Wednesday, 12 February 2014

Climbing in the holy land

Every year our climbing group in Oetztal attempts to go away on a climbing trip together. This year suggestions included Turkey, Oman and Spain. But when Israel became an option, I knew immediately that it would be an experience, impossible to miss. On the 26th of December it was time to go for Stew, Babsy, Kathi, Heiko, Hens, Eli, Gabriel, Kili, Anna and me. We found ourselves at airport Munich terminal 2 F ...a lonely terminal far away from the main airport (reinforced control). After a very thorough check by security we sat on the plan, with travel guides in our hand and minds full of excitement and slight trepidation. This was my first time visiting the middle east and I did not know what to expect, one thing was for sure there will be a lot of sightseeing to do between days on the rock. During the time we spent in Israel, Or Wechsler an Israeli climber, guided us around. He showed us many interesting places. Below I have documented some information from the areas we visited:

Keshet Cave: This was my favorite crag. I climbed in the sector Apollo’s wall where the routes were up to 35m long and slightly till strong overhanging with difficulties ranging from 6a to 8b+. The rock was similar to the most crags we went to, orange limestone. A local told me that this area was only a few month old and climbing was still prohibited due to nature conservancy law.  But since a few month a group of strong Israel climbers try to negotiate with the government to ease this regulations and open up more areas for climbing. 

Ein Fara: This was probably my 2nd best climbing spot. Ein Fara is a beautiful desert oasis close to the historical city of Jerusalem and lies in the beginning of the Judean desert. I was impressed about the amazing rock and technical climbing on the main northern wall (south face). The wall on the other site, sector academy, was unfortunately not as impressive but we still had a good time trying out some of the routes there too.  My favorite in Ein Fara was a crimpy and very technical 7c+ line on the main northern wall.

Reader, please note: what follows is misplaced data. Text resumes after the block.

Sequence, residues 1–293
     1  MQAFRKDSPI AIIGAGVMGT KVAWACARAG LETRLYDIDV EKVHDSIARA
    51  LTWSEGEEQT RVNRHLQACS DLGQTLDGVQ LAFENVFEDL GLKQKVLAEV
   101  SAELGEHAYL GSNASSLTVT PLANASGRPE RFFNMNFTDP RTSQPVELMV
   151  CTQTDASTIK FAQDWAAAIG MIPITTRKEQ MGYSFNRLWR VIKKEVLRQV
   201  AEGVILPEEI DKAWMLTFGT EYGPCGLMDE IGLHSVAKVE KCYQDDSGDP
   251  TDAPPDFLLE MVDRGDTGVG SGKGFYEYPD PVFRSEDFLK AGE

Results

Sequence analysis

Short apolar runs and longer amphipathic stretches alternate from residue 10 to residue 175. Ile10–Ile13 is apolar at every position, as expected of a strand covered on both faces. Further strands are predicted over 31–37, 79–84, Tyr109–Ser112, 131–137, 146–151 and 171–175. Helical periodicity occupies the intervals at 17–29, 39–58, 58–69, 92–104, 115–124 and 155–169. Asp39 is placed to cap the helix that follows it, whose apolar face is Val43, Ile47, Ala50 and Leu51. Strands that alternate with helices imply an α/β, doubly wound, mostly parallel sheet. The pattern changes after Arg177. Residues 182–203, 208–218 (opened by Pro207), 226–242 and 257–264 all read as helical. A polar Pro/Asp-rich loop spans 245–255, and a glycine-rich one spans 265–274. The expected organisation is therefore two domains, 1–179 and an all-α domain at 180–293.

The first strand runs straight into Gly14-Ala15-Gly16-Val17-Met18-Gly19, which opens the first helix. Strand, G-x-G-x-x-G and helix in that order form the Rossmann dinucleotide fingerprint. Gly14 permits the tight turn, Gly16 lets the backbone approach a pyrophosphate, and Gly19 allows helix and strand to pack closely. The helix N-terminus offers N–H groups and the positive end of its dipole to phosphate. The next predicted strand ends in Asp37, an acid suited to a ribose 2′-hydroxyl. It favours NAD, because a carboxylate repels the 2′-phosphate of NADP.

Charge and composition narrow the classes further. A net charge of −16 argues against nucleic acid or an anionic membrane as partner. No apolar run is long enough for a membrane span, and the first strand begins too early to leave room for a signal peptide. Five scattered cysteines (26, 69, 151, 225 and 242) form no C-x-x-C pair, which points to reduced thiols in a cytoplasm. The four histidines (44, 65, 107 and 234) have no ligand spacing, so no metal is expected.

Gitta: Gitta sector Fuel is the oldest area for hard sport climbing in Israel. Here I probably had my best day of the entire trip. The routes were ones again overhanging and steep, but not as long as in Keshet Cave with the most climbs in the 8a region. I dried a lot of different routes but only manage to climb the interesting route called Cornflake 7c+, but I thoroughly needed the restday after. 

Nezer Cave: This is probably the craziest crag I have ever seen. You enter through a hole in the ground were a massive fig tree grows out and inside you will find the steepest wall in the world, a bloody horizontal roof, hence the name “madness” of one sector. This was an interesting experience and proven my incapability of climbing in overhangs.

Wadi Qelt: This was the first area we went to. It is positioned west of Jerusalem in Palestine. After some entering problems into an israeli settlement for parking we were ready for the mission “climbing in Israel”. After quite some walk we entered the valley wadi qelt. This was a very new crag with still a massive amount of potential. The climbing there was quite similar to Ein Farra north side, just with a sligthly better rock quality.  

We made three visits to Jerusalem and each time we experienced something new. It always feel like traveling back in time. We went to the western wall, shopped in the enormous traditional market, went to the food court, experimented local cuisine and absorbed the atmosphere as much as possible. On our second restday we travelled over 2 hours to the Dead Sea, which was definitely worth the effort! I will never forget the feeling of floating around in the water effortlessly and how much the water stung if a milliliter went anywhere near your eyes. On the second restday (after New Year) we had a day chilling on the beach of Herzilya and a stroll around Tel Aviv. On our third and last restday we visited Bethlehem, where we saw the place of birth from Jesus. But must I was amazed about the wall the Israelis build right through the town. Here the you could feel the tension and conflicts between the Palestine and Israelis the best. All the paintings on the wall talked a strong and true language. Overall it was a bit of a different climbing holiday, beside the surprisingly amazing rock and the so divert landscape we learned about another cultural and religion and what it meant for the people they live there.